Pro bonos boost the Portola

How the quiet corners of a boom town can ratchet up, represent, and keep it real.

San Francisco’s Portola District has had many nicknames in its 150 year history. In the 20’s it was the City’s garden district – today the one that sticks is “the best neighborhood you’ve never heard of.” So describes Portola Neighborhood Association’s Corridor Manager Jack Tse.

Jack is clearly in love with this undercelebrated part of town, right down to his exclusive PORTOLA tee-shirt. Like the waves of Portolans before him, Jack is not a native San Franciscan. He hails from Western Australia (and boy does he have advice for our drought), and, after landing in the Mission, discovered the Portola completely by accident.

“We’re obscure because of the 280 and 101 convergence – it creates a natural barrier,” he explains. The Portola’s a hike from BART…even a navigable bike route is hard to come by. But Jack argues that the obscurity works in the neighborhood’s favor – “it’s created a microcosm of culture….the world in a nutshell,” and preserves an “authentic feeling of San Francisco that people seem to miss.”

Jack and a PNA colleague met with AFHSanFrancisco Chapter last Wednesday to catch up. It’s been a year now since the Burrows Pocket Park, which began as a Chapter project years ago, rounded out its Lincoln-backed Phase 2. What the Chapter (and chiefly architect Reaz Hacque) first delivered in the form of a rendering-turned-City-funded renovation of a neglected dead end, Lincoln doubled down on by sponsoring permeable pavement, street trees, seating, and a gorgeous mural. Simultaneously, a Four Barrel coffee shop opened in last building on the block.

“Burrows is kind of a hub for the Portola now. It’s used really well, inspires positivity, and grabs people off the street!” Jack noted how the dead end that once only hosted a pile of broken toilets and discarded drug paraphernalia, is regularly blocked off for weekend events. On two occasions last Summer the park drew about 1,000 to watch the 2014 World Cup on a giant screen.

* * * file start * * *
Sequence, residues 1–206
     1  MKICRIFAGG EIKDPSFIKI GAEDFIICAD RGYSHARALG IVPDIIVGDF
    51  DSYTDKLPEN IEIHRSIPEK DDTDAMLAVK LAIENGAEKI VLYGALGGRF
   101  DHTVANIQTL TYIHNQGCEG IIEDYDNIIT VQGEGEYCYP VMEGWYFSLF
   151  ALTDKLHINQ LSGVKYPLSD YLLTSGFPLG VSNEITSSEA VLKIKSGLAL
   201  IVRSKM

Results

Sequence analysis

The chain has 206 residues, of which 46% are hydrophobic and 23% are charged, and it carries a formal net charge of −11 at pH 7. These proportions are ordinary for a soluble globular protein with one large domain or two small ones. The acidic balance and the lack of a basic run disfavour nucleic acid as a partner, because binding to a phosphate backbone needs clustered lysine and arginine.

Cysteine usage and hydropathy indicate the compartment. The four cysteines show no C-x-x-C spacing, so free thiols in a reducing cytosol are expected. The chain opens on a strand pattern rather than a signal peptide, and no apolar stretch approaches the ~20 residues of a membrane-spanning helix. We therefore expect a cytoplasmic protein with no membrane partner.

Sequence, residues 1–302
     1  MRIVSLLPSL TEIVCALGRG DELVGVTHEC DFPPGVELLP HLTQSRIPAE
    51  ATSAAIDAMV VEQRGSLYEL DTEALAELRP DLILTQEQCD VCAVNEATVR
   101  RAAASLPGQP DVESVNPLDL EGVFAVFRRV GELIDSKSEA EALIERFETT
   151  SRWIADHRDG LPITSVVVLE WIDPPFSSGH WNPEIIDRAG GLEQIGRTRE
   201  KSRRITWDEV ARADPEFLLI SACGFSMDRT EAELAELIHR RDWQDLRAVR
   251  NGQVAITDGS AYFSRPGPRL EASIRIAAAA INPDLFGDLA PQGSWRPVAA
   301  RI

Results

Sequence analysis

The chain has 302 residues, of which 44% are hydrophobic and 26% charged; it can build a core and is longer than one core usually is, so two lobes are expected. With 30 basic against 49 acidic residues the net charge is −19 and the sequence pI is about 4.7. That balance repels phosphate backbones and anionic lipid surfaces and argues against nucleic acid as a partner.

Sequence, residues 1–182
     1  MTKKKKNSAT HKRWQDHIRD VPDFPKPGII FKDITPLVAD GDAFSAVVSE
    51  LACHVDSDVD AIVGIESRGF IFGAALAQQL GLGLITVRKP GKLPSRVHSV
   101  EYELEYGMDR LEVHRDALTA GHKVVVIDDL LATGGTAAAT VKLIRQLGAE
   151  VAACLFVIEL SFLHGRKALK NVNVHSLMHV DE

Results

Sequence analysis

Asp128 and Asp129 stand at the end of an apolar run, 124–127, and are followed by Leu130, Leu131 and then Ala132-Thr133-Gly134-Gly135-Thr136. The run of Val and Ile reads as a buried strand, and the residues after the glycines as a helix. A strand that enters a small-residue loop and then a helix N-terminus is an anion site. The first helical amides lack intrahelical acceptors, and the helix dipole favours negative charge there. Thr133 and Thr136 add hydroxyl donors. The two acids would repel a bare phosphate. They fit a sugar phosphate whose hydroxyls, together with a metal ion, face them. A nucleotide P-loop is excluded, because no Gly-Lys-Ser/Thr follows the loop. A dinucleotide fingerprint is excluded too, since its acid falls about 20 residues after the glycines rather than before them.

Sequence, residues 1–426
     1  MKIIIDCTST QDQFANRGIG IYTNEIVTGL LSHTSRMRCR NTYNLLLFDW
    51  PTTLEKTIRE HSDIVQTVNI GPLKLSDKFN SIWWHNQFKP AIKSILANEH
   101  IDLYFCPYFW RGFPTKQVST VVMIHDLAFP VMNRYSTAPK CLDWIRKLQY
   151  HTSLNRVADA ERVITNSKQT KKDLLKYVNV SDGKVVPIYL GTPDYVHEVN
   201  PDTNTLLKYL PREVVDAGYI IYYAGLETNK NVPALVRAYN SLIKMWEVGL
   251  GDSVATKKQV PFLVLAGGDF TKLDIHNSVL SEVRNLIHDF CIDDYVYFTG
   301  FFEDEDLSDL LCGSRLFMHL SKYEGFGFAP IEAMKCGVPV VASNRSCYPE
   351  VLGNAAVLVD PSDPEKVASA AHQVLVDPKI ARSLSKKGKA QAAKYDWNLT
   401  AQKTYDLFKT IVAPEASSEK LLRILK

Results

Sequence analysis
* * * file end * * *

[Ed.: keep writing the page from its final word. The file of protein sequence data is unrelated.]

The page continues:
“We see it as a living entity. We want people to make it their own – plan events, add stuff to it.” A nearby school has plans to install a lending library. One day Jack spotted an action figure planted among the boulders and palm trees on the park’s berm. One thing he hasn’t seen any contributions of: graffiti, or negative energy of any kind.


Mural completed by San Francisco artist Jason Jagel

There are four similar cul-de-sacs running East of San Bruno Avenue into the 101 Freeway. Burrows having been successfully converted into a public space and stormwater mitigator, the neighborhood has set its sights now on Thornton Street one block north. Local landmark diner Breakfast at Tiffany’s on the corner has recently reopened, and not spared a moment re-attracting its brunch lines; across the street, Silver Produce counts itself among San Bruno’s busiest grocers. Narrower than Burrows, Thornton still wields enough space to reactivate as a public resource.

A cautiously-design public resource, to be sure. Parking is always a concern, so any use programming would have to stay on the “pop up/weekend” end of the spectrum. Caltrans won’t allow structures to be built on the Freeway easement (they’re fine with trees and boulders). But this will be the second time the Portola approaches Caltrans and other stakeholders with plans – they are a “known quantity.” Jack can point to their receipt of a City Challenge Grant for Burrows, and to the lunch meeting he had with Mayor Lee the other month – at Breakfast at Tiffany’s. The City is on board to support the Portola, and it’s up to the Portola to assemble an attractive package for their proposal.

This is one way a pro bono design project is born. A compelling rendering or two breathe life into ideas – and few people understand this better than architects. The association would then carve out time in a regularly-scheduled meeting, draws 80 neighbors, to conceptually build from the renderings.


Evolution of an idea – following the development of Burrows pocket park through design renderings


Burrows Pocket Park at end of Phase 2



Will Thornton be the Portola’s next pocket park?



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